This variable is your site's hostname. Which is usaully "localhost".



$db_username = "yourusername";

The username your host assigned to you, or you picked if you set up your server.



$db_password = "yourpassword";

The password you were provided by your host or the one you picked.



$db_name = "yourdatabasename";

The name of your database.



$conn = mysql_connect($db_hostname, $db_username, $db_password) or die(mysql_error());

"$conn" is the variable that holds all the connection information. "mysql_connect" is a predefined function in PHP that allows you to connect to MySQL. the "or die" part is saying if the connection to SQL fails kill the script and print the error that was encountered. "mysql_error()" prints the specific error.



mysql_select_db($db_name, $conn) or die(mysql_error());

The "mysql_select_db" selects the database that is filled in the "$db_name" variable. The "$conn" variable holds all the connection information that was filled at the beginning of this script. Once again if this part of the script fails it will print why using "mysql_error()".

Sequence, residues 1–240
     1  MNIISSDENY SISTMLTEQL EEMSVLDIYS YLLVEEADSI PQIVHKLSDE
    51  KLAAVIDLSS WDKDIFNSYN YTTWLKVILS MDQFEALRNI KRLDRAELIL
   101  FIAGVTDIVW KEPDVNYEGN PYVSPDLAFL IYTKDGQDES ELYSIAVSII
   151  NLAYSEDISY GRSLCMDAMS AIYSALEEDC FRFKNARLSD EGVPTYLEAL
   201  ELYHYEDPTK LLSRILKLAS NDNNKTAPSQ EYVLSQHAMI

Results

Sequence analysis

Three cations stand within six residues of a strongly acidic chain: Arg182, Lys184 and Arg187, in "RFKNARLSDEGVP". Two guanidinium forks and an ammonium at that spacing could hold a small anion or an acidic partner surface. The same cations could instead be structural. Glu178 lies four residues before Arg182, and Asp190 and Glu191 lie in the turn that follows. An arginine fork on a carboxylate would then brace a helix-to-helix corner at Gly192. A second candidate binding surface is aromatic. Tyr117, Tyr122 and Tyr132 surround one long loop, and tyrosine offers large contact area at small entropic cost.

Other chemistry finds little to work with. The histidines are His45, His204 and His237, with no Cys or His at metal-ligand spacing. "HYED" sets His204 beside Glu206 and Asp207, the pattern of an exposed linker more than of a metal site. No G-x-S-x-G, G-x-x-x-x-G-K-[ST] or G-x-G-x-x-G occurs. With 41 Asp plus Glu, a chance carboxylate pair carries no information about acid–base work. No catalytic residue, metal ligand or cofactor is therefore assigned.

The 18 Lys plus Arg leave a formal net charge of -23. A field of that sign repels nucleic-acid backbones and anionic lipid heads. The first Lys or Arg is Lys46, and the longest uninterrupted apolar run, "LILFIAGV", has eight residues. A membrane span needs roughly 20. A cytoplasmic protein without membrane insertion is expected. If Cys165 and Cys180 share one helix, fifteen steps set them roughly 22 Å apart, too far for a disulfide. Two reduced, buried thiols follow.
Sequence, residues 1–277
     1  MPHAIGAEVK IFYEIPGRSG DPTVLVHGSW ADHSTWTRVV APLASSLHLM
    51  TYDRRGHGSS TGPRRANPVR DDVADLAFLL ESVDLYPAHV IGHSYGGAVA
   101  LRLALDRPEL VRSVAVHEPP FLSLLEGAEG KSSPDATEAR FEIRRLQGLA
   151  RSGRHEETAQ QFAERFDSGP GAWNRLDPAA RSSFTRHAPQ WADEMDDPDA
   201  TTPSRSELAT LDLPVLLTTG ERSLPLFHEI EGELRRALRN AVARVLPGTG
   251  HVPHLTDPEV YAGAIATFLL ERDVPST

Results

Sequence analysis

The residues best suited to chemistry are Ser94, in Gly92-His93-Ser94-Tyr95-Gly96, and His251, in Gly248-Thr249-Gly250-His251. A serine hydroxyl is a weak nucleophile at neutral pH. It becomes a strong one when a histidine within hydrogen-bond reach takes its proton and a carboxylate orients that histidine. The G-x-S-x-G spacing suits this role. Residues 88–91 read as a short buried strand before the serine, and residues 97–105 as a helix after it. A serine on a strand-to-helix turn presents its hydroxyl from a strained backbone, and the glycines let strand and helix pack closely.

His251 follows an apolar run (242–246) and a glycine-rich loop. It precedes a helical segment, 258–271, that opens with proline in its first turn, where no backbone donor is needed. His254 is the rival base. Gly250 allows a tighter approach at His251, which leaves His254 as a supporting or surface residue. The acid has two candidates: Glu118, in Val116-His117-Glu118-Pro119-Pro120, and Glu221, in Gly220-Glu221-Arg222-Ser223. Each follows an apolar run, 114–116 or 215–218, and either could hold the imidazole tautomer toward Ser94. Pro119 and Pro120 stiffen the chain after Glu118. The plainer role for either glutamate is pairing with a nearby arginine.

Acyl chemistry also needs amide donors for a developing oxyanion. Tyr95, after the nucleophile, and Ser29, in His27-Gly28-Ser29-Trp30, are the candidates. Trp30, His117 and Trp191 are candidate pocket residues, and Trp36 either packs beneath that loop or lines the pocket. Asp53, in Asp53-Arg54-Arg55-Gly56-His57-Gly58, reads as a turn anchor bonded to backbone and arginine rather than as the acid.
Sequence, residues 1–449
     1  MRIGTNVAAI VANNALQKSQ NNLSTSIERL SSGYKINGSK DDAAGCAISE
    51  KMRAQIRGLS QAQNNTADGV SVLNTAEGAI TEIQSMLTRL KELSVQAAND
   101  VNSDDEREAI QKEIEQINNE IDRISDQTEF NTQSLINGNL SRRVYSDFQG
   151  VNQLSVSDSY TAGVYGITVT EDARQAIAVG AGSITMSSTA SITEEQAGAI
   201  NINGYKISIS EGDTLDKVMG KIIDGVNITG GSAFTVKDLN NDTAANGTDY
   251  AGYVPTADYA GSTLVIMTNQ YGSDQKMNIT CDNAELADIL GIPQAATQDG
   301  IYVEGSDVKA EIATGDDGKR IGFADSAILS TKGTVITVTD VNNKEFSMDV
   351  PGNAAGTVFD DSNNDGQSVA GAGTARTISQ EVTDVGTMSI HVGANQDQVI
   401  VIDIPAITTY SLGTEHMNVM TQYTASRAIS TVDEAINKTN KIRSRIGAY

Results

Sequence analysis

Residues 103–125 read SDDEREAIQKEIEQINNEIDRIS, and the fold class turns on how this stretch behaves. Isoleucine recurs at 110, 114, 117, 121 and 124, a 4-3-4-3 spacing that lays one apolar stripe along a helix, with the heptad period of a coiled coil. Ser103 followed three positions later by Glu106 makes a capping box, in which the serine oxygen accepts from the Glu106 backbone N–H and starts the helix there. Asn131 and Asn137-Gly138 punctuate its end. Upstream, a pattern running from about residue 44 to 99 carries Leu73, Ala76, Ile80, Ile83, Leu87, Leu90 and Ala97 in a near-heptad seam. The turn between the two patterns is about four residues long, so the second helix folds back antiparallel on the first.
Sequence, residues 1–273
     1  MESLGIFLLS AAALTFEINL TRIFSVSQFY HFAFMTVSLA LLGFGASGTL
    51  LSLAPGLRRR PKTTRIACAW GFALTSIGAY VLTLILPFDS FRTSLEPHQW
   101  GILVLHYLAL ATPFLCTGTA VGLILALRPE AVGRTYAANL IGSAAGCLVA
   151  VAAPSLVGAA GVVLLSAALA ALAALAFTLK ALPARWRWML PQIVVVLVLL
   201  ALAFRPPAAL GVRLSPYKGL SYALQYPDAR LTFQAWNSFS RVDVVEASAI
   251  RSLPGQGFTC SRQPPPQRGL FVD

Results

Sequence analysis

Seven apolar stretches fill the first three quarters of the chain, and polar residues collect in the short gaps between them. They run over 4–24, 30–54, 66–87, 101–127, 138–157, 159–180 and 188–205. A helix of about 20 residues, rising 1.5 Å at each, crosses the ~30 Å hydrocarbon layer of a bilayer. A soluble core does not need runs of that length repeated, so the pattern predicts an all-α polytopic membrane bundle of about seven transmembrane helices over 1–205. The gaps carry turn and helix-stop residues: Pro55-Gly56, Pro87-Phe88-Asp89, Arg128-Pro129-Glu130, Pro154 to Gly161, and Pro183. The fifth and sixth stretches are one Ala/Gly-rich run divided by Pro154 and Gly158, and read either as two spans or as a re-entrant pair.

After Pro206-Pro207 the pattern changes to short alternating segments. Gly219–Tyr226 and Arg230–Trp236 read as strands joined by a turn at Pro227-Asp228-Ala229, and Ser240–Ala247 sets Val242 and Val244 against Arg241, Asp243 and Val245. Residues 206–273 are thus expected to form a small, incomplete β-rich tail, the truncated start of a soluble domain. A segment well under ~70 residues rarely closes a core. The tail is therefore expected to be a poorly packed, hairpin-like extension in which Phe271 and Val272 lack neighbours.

$searchString = addslashes($_POST['search']);

This sets the value of $searchString equal to the value of $_POST['search']. We add slashes to escape bad characters in the string.



$result = mysql_query("SELECT * FROM posts WHERE postText LIKE '%$searchString%'");

This is the mysql query, it looks like all other SELECT staments until you get to the "LIKE" part. That is saying find all results with the search string in it.



while( $row = mysql_fetch_array($result) )
	{	
	$memberId = $row['id'];
	$post = $row['message'];
	$postDate = $row['date'];
	print "$memberId posted this \"$post\" on $postDate <br /><br />";
	}

This is a while loop. It says loop through this code until you reach the end of the array that is returned from the DB. As it loops through it fills the "$memberId, $post, $postDate" with the results. It then prints out these variables once they are filled.



That is the end of the php. Now onto the HTML form.



<form method="post" action="searchengine.php" />
<input type="text" name="search" size=40 />
<input type="Submit" name="Submit" value="Search" />
</form>

That is the HTML code for a form. Since this isn't an HTML tutorial I will assume you know what it does.



That is all there is to coding a PHP/MySQL Search Engine. Now you can search your site with ease. The tutorial searcher on this site works along the same lines as this.

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Comments: Search Engine

 Matt  Wed Oct 26, 2005 7:26 am  
This is a great website :)